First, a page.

This event has now finished.
  • Date and time: Wednesday 22 June 2022, 4pm to 5.30pm
  • Location: In-person and online
    Clements Hall, Nunthorpe Road (Map)
  • Admission: Free admission, booking required

Event details

Many aspects of Rowntree history are familiar. The Rowntree confectionary company invented the KitKat, the Aero and the Polo, which remain household names today. Residents of York in particular may also know of the philanthropic contributions made by Joseph Rowntree and his family in education, workplace welfare, green spaces and developing solutions to poverty and poor housing in Britain.

The rich histories and legacies of the Rowntree family, the Rowntree Company and the Joseph Rowntree Trusts extend across nearly two centuries and cover a huge range of topics and themes. But many of these have not yet been fully explored.

This event will reveal some fascinating, surprising and thought-provoking stories which have not yet been told. Three speakers will share their research into understudied areas of the Rowntree archives. They will consider what we can learn from their findings as we navigate some of the key social issues facing us today, including land reform, the housing crisis and racial inequalities in global supply chains.

The event will be held at Clements Hall, a community asset centre in the South Bank area of York, with a limited capacity in-person audience. It will be chaired by Gary Brannan (Keeper, Borthwick Institute for Archives) and livestreamed to The Rowntree Society YouTube channel with support from Pilot Theatre. Each speaker will present for 15 minutes, followed by a short discussion and an audience Q&A.

An opportunity to discover new insights into one of York’s most well-known families.

Image credit: © Alamy


About the speakers

Dr Catherine Oakley is Executive Director of The Rowntree Society and an Honorary Fellow in the Department of History at the University of York. Her PhD, completed in the Department of English and Related Literature at the university, focused on cultural histories of work, health and the body in the late nineteenth and early twentieth centuries. She has worked for over a decade in research-led engagement and cross-sector collaboration in public history across Higher Education, the cultural industries and civil society.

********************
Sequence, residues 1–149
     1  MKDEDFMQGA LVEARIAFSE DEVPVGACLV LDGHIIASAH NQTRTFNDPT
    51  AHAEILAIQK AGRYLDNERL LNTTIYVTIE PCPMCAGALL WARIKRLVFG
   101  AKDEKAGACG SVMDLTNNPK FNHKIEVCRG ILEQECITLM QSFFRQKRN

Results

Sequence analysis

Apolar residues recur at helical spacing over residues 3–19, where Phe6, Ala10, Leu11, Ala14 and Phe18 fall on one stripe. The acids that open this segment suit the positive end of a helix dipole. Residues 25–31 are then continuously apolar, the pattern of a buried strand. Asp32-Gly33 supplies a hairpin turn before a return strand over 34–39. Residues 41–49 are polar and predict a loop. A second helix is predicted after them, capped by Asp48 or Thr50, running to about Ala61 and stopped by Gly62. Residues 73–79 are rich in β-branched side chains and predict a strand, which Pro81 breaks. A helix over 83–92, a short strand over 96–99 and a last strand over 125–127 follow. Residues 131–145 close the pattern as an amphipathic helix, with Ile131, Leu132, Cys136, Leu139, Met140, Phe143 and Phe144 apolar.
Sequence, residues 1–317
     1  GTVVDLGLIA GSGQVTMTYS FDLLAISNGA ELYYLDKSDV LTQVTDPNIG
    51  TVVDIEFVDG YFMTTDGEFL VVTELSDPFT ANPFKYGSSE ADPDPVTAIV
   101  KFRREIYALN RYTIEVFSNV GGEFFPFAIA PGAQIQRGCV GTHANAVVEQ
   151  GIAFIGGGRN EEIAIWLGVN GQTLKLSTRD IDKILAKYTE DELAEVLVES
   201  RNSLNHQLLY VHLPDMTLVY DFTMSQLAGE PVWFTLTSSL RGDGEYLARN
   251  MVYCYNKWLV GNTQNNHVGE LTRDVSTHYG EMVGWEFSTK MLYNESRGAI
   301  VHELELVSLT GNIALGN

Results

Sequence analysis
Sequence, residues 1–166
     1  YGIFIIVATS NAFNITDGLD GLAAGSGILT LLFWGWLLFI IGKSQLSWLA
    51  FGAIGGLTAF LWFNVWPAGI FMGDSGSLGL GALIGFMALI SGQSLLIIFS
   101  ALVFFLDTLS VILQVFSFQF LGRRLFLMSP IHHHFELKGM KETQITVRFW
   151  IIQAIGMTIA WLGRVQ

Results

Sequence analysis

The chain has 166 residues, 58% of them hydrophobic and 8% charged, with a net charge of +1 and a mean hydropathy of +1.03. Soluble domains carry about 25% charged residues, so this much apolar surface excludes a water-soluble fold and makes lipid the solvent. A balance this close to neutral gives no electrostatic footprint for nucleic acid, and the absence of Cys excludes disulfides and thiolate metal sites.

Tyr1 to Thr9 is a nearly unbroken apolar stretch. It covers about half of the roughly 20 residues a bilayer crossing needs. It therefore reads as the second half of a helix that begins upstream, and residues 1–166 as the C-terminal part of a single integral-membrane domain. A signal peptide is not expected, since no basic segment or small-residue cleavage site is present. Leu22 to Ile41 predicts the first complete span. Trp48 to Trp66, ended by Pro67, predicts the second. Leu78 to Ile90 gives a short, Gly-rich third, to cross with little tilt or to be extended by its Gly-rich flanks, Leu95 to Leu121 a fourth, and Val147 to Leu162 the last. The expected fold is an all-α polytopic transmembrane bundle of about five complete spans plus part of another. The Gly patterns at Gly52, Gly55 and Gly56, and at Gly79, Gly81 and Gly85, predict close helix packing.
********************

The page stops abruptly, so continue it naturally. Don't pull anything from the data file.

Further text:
Callum Reilly is an archaeologist and WRoCAH doctoral researcher at the University of York, specialising in the modern world. His research project ‘Landscapes of Reform’ investigates the relationship between social improvement, housing and the landscape in two planned working-class settlements in Yorkshire: the garden village of New Earswick, founded by Joseph Rowntree near York, and Woodlands model mining village near Doncaster.

Shaun Pitt is an independent researcher who recently completed his PhD thesis entitled ‘Piotr Kropotkin, anarcho-communist networks and British “New Liberalism”, 1886-1921’. His interests include the history of anarchist movements (specifically mainstream connections to anarchism), women in left-wing networks, the history of the social sciences and humanities, and Anglo-Russian connections before the Bolshevik Revolution.

The Rowntree Society

The Rowntree Society is a registered education charity based in York. Its mission is to build and share knowledge about the histories of the Rowntree family, the Rowntree company and the Rowntree trusts, and their continuing relevance today. Famed as hugely successful chocolate makers, the Quaker Rowntrees were pioneers in business management and industrial welfare, social research on poverty and inequality, and the creation of high-quality affordable housing in Britain. The three Rowntree Trusts founded by Joseph Rowntree in York have operated in a philanthropic capacity in the UK and internationally for over a century to inspire social change.

The Rowntree Society facilitates and supports projects and activities for a range of audiences through collaborative working across education, libraries and archives, local government, the voluntary sector, and the creative sector. The Society functions as a reliable source of information, promotes and supports new interdisciplinary research, produces heritage-related materials for people of all ages and backgrounds, and acts in an advisory capacity on projects and initiatives connected to Rowntree histories and values.

Connect with The Rowntree Society online:

The Rowntree Society Website

The Rowntree Society Twitter

The Rowntree Society Facebook


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Venue details

  • Wheelchair accessible